Only 15 players in NBA history have logged as many minutes in a single season as a teenager as Antetokounmpo's 1,897, so he is occupying fairly rarified air already. His age is a big part of why he is considered a big-time breakout prospect for Fantasy purposes, but he has a long way to go from a statistical standpoint.

Antetokounmpo was good for a 19-year-old rookie, but his season averages of 6.8 points, 4.4 rebounds and 1.9 assists per game left a lot to be desired. It is easy to dream about a Antetokounmpo taking a big step forward, but that next step is never guaranteed -- for every Anthony Davis there is a Michael Kidd-Gilchrist whose development follows a slower, less linear path. 

Antetokounmpo was very good -- for a 19-year-old. However, Fantasy owners don't get extra points, rebounds or assists if the degree of difficulty is higher, so you are betting on Giannis taking a huge step forward at the age of 20. Antetokounmpo has become something of an internet darling, and his play in Summer League and the FIBA World Cup dominated much of the offseason discussion, which only helped build the hype to potentially unsustainable levels.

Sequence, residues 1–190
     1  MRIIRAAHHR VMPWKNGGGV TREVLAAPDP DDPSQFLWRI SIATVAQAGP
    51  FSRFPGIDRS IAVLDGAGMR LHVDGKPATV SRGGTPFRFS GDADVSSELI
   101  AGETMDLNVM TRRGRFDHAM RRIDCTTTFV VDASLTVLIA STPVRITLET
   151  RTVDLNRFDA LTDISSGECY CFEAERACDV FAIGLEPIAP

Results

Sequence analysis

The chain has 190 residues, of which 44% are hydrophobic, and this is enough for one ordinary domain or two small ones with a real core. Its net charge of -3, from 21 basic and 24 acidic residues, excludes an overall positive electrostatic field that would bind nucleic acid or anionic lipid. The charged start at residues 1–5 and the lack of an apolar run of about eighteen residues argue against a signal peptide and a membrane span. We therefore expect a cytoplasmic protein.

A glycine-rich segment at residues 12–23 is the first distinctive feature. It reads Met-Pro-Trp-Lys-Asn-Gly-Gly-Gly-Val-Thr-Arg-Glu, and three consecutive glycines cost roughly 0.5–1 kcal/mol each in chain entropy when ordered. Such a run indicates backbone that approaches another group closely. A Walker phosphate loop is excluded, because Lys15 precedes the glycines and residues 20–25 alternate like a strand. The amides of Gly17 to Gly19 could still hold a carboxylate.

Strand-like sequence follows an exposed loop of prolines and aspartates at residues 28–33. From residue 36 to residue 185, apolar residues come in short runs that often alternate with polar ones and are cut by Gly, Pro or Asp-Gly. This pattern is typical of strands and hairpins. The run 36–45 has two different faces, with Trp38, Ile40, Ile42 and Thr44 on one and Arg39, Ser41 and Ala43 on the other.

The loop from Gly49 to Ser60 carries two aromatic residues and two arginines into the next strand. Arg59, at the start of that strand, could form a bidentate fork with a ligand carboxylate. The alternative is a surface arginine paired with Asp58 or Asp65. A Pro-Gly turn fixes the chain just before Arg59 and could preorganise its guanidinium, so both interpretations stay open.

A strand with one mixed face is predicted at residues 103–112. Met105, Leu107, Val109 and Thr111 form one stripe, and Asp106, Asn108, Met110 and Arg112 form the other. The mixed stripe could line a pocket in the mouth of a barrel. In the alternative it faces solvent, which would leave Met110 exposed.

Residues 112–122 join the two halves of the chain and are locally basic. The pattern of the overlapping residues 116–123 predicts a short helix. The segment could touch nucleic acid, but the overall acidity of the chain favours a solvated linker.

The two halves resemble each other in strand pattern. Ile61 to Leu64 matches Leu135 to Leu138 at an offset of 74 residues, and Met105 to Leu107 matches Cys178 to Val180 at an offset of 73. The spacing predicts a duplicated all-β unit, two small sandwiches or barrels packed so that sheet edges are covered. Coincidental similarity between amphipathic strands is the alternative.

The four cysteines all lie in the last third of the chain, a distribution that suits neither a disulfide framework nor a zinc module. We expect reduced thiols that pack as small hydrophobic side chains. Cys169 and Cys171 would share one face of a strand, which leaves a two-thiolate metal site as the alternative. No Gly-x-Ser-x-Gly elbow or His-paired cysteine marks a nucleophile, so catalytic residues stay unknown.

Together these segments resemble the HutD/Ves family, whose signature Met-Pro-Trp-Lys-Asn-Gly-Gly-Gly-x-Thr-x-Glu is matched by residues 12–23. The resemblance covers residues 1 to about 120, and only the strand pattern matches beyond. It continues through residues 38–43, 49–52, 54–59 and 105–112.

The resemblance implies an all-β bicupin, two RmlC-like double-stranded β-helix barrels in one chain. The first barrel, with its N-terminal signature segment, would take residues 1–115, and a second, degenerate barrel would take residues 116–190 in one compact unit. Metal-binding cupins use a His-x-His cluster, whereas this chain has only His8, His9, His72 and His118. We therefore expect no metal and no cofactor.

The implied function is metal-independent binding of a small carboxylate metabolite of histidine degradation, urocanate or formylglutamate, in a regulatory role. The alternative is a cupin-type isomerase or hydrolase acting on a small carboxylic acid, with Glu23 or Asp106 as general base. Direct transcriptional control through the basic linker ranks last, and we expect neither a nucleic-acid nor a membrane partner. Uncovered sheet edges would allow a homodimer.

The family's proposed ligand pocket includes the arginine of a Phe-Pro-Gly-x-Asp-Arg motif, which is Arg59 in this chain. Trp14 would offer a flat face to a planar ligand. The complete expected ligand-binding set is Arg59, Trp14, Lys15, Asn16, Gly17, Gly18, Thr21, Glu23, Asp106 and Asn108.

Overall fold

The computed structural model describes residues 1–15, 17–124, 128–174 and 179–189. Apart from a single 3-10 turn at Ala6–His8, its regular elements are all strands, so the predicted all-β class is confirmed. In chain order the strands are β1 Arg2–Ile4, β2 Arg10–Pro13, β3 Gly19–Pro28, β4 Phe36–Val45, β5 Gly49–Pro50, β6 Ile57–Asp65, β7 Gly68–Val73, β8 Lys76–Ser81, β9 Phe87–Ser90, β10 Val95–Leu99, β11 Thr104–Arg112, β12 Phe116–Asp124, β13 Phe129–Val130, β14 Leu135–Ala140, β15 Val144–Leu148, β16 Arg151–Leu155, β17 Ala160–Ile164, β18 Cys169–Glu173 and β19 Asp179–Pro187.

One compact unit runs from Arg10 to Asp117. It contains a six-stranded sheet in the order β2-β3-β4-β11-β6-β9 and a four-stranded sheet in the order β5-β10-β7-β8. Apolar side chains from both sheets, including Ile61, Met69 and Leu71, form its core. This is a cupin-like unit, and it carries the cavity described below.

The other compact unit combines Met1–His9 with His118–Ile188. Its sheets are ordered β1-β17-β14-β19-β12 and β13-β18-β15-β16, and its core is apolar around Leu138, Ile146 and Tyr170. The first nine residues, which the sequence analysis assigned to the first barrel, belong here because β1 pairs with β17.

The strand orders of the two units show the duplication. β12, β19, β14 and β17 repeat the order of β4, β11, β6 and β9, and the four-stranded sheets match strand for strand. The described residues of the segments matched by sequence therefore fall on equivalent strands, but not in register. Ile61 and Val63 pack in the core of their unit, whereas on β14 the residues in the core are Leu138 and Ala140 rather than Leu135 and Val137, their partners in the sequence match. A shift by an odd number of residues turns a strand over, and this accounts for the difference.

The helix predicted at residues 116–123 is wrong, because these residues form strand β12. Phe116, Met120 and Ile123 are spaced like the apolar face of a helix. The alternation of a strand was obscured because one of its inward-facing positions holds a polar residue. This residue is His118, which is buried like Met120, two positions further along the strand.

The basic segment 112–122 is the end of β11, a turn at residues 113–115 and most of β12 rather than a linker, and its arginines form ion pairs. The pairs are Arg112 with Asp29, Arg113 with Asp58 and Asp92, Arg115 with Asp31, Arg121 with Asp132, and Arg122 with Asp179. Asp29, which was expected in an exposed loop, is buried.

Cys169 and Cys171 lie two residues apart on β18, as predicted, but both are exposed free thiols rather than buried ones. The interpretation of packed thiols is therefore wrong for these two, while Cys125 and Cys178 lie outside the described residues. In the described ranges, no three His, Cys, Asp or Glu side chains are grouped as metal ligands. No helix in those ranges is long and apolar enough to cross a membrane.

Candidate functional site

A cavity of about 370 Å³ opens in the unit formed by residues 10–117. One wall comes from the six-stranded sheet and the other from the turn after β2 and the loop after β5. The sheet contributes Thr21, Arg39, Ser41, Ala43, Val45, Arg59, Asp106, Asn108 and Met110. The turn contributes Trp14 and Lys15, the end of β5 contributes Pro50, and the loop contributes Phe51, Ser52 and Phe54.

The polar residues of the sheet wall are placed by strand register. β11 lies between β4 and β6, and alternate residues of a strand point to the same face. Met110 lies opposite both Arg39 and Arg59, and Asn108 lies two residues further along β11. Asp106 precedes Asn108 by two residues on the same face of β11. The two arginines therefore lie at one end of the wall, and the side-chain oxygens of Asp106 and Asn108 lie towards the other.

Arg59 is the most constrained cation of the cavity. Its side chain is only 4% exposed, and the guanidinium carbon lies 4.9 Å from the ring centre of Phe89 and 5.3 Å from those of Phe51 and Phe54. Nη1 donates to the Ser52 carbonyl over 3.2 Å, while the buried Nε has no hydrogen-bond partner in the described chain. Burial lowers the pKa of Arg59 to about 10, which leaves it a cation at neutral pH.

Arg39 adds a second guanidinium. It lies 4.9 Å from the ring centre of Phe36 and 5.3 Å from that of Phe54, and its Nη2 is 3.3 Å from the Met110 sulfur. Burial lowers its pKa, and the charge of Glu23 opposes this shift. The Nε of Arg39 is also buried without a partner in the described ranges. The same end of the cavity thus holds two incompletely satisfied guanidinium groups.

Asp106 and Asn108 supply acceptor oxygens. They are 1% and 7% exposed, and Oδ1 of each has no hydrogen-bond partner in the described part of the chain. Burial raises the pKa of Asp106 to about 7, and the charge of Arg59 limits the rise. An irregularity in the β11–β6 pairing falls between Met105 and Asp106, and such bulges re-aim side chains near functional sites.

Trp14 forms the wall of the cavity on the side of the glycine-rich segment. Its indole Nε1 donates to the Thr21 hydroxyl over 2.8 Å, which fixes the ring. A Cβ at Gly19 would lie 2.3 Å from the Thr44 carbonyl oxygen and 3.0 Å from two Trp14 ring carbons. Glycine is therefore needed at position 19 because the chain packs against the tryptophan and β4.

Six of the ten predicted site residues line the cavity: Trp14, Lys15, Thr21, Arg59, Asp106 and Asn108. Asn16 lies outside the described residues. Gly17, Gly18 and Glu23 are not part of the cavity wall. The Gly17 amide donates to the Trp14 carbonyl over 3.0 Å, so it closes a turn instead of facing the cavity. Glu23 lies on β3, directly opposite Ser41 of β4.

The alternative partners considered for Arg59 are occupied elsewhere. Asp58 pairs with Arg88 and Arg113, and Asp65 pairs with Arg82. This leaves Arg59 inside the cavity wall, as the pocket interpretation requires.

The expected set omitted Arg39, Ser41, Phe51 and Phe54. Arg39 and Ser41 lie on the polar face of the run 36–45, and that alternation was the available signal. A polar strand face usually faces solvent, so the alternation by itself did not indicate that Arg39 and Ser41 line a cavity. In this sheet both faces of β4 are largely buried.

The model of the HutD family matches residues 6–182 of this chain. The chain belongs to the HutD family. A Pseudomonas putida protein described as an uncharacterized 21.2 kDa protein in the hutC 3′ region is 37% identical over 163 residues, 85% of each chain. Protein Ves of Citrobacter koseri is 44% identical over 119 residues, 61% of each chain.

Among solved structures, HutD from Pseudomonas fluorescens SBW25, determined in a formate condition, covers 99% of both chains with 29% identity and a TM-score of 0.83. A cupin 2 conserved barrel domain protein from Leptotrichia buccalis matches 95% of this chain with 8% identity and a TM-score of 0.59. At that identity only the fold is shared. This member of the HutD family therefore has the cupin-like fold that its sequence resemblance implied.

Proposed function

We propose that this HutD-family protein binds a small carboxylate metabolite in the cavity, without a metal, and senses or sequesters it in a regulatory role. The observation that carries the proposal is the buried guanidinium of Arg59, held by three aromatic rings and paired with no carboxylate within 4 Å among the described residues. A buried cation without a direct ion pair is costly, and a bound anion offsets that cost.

He is a lottery ticket, for sure, but he is one that might not be worth the cost at this point. 


Improved jump shot all Jimmy Butler needs
by Chris Towers | CBSSports.com
(3:51 pm ET) Bulls guard Jimmy Butler had the breakout season many expected from him a year ago, but there were still plenty of flaws apparent in his game as he finished his third NBA season. With a better team around him, Butler just might have enough help to vault him to stardom.

Butler's jump shot abandoned him last season, especially after a toe injury forced him to miss 11 games in November and December. He was shooting 43.7 percent from the field and 38.5 percent from three-point range prior to the injury, but connected on just 39.3 percent of his shots overall and 27.1 percent from three-point range from that point on.